BISHOP Saad Sirop Hanna, head of the Chaldean Christian community in Baghdad, was abducted by Muslim extremists in 2006, and held and tortured for 28 days. He is a philosopher, and this memoir clearly reflects that aspect of a man who grew up living side-by-side with Muslims, when nobody thought that that was anything other than normal.
So the destruction of Iraq and the decimation of the Christian community grieves him utterly. He rages against “all those men who hold God as a licence for doing, a badge they possess that means all others are inferior to them, unworthy of life or dignity”.
For much of his time in captivity he was blindfolded. He experiences through his remaining senses the invisible terrors, confusions, and constant beatings, describing them in fluent prose that is poetic in its quality. Repeated blows “explode the landmines of pain” along his flayed back. His stomach revolts against the burning of wet manure to drive away mosquitoes. The wind, he writes, glides through the trees in a broken whistle.
He steadfastly refuses demands — at gunpoint — to become a Muslim. And all the time he is working out what this new experience is teaching him — not piously, but as a reflection so as to lead others to reflect. The “moving boots of death” come close, not least as his damaged body struggles to swim the Tigris during a failed escape attempt.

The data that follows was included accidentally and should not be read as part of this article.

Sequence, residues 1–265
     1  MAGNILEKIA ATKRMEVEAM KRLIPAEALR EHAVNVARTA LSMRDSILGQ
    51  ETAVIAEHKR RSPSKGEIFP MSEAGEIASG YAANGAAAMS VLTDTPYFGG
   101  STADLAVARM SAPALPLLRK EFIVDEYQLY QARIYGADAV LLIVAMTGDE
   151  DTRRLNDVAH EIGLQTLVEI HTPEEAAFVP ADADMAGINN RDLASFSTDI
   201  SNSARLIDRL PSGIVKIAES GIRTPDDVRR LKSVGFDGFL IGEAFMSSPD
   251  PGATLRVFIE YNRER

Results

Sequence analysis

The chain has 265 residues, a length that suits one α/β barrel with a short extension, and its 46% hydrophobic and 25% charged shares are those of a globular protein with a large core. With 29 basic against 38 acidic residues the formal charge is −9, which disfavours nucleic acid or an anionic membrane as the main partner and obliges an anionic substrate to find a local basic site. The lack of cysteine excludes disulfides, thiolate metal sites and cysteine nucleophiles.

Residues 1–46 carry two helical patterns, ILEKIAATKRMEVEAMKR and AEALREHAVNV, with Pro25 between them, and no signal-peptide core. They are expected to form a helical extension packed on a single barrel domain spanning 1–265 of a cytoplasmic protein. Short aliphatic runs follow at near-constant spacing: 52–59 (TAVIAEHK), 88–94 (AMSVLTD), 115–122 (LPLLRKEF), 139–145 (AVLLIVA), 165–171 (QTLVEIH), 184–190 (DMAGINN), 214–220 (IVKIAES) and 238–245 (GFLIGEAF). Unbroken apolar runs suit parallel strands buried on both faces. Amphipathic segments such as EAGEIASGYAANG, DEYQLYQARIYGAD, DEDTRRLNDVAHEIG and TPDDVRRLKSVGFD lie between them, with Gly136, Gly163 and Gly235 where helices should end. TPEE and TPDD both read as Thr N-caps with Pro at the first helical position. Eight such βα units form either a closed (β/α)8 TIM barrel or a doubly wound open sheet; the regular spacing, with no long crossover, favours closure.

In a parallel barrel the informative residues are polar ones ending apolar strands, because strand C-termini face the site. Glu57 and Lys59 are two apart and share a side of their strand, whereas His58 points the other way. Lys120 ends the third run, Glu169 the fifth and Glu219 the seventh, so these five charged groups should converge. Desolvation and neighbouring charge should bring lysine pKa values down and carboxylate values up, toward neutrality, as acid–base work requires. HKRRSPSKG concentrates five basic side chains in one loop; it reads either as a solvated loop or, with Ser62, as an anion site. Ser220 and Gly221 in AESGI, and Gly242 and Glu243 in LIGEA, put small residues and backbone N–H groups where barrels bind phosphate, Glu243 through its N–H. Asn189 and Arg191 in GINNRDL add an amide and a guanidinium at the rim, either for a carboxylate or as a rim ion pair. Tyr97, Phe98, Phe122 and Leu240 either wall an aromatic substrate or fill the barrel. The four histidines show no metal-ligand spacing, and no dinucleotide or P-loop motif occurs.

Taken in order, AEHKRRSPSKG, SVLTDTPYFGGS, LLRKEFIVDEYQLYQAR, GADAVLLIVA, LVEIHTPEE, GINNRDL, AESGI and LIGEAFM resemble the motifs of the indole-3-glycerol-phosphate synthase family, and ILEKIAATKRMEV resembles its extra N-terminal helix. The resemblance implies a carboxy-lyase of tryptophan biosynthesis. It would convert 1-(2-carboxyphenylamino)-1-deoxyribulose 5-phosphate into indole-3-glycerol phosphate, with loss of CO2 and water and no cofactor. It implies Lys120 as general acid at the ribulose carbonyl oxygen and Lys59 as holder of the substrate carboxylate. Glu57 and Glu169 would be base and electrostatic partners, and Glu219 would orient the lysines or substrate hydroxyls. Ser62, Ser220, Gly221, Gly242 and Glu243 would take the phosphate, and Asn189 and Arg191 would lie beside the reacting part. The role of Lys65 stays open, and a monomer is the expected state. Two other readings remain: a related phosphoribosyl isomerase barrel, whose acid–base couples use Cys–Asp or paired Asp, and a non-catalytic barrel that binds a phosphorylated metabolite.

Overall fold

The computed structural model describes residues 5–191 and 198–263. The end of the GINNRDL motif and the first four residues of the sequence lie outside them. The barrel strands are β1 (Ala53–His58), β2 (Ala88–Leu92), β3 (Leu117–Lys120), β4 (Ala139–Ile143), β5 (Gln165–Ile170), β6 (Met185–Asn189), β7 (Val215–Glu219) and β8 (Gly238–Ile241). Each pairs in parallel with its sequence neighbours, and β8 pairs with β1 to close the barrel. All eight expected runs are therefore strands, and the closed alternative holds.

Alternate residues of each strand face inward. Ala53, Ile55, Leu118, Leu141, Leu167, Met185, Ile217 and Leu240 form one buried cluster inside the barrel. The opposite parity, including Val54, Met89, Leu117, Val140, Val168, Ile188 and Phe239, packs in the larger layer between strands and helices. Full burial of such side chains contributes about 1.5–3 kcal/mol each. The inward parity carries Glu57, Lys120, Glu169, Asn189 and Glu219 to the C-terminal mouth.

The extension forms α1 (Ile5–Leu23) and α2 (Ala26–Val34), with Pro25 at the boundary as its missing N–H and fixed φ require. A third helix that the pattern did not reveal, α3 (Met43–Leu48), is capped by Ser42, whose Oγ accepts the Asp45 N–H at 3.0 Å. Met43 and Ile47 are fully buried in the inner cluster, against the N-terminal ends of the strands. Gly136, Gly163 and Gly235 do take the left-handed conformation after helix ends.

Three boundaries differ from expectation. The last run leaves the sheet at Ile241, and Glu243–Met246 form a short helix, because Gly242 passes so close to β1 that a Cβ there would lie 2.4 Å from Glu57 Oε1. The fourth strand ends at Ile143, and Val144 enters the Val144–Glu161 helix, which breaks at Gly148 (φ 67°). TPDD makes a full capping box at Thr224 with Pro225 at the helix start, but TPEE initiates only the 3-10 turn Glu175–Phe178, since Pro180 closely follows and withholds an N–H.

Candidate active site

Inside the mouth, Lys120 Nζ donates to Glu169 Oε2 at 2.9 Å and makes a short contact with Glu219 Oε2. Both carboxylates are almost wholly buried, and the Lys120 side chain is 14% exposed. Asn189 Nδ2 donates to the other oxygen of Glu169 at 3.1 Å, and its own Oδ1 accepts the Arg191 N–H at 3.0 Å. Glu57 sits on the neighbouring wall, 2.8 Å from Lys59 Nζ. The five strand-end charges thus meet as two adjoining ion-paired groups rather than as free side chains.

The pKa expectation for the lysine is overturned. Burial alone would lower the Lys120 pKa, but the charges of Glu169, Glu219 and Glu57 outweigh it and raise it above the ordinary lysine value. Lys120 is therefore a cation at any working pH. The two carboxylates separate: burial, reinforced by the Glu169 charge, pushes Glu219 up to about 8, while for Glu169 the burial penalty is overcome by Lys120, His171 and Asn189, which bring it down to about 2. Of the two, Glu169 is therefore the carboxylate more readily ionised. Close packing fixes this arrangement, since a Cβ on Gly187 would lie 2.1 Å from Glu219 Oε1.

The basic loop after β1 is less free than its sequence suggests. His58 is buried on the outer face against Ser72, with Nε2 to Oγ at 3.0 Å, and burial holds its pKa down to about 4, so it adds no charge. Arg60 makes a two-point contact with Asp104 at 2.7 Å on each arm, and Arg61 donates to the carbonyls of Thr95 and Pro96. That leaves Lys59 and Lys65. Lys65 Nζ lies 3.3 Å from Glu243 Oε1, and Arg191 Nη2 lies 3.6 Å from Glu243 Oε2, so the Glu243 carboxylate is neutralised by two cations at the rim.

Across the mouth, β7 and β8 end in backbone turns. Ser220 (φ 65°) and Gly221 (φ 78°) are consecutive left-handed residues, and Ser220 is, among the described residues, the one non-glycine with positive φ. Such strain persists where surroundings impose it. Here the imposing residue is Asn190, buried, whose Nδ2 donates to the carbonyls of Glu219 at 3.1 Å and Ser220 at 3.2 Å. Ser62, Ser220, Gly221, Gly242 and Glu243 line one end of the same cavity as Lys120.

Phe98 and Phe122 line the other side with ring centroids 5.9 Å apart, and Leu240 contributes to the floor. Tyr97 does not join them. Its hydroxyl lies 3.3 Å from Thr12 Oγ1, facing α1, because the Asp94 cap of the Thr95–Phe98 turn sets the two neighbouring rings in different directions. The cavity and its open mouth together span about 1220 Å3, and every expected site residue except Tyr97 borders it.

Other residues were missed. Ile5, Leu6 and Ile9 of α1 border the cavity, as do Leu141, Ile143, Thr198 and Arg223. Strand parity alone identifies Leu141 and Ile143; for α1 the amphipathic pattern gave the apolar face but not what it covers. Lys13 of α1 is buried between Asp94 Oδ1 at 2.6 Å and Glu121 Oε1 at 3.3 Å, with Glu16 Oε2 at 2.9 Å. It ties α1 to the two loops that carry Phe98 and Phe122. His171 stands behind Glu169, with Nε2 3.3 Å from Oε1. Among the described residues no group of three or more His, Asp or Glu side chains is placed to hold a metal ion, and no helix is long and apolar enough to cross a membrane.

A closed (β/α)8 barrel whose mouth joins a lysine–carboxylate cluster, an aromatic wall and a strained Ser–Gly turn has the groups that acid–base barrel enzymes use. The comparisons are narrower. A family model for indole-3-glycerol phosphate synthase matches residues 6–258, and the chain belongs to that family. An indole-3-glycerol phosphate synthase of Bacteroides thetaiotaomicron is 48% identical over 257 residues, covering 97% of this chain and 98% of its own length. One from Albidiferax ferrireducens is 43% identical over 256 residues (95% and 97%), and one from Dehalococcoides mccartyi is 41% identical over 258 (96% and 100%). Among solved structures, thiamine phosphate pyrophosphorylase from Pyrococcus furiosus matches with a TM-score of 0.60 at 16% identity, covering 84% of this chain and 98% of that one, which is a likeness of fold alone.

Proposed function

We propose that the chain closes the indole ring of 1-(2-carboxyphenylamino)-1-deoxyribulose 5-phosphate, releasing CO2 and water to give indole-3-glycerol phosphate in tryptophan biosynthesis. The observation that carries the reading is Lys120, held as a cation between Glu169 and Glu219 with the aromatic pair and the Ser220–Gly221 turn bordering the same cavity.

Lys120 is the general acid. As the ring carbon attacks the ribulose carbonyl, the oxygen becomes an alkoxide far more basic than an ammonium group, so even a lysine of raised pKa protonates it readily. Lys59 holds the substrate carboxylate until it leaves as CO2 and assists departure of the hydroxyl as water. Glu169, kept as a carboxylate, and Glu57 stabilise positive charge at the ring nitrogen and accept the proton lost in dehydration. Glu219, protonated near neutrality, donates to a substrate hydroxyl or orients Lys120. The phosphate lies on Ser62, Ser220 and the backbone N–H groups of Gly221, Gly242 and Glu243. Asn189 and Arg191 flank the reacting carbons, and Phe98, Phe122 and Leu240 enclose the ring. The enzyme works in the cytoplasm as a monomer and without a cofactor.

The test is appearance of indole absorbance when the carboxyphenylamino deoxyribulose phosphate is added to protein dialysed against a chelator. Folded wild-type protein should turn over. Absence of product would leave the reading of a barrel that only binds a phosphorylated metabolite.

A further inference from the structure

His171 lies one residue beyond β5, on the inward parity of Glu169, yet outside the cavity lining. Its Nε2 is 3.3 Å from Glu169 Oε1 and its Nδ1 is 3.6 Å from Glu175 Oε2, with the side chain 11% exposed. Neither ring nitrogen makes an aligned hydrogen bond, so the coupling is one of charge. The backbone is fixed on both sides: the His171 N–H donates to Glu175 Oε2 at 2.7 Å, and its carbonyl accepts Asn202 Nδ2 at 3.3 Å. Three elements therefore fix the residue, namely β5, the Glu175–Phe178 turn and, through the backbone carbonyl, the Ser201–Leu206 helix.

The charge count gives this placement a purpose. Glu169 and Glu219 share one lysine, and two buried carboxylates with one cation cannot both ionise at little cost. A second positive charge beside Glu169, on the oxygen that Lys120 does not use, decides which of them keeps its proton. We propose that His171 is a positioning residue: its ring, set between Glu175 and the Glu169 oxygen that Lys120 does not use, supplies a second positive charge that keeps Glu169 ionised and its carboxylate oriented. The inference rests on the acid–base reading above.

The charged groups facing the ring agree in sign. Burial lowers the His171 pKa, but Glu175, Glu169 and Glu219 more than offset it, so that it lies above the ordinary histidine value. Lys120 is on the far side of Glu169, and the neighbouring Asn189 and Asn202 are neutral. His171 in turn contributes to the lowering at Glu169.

He does not wish for death, but readies himself for it, while welcoming any chance that will show that God still has a purpose for him.
He urges looking beyond ethnicity, creed, culture, and religion; connecting on the level of shared humanity. Such experiences as he endured are transformative, “as though the pen with which you write the story of your life suddenly runs dry, and no word that comes after will ever be of that exact colour”.
And, in a passionate conclusion, he writes:
“For me, I have again been reborn into my purpose: to tell others that faith need not wilt in the face of difficulties but can blossom, offering a greater clarity; that a belief in the love of God compels us to see the love in one another; to not separate those who believe from those who do not; to not judge one faith to be above another, but to see that some people can find a rationale for violence from religion, while others find a rationale for unity.”
Abducted in Iraq: A priest in Baghdad
Saad Sirop Hanna
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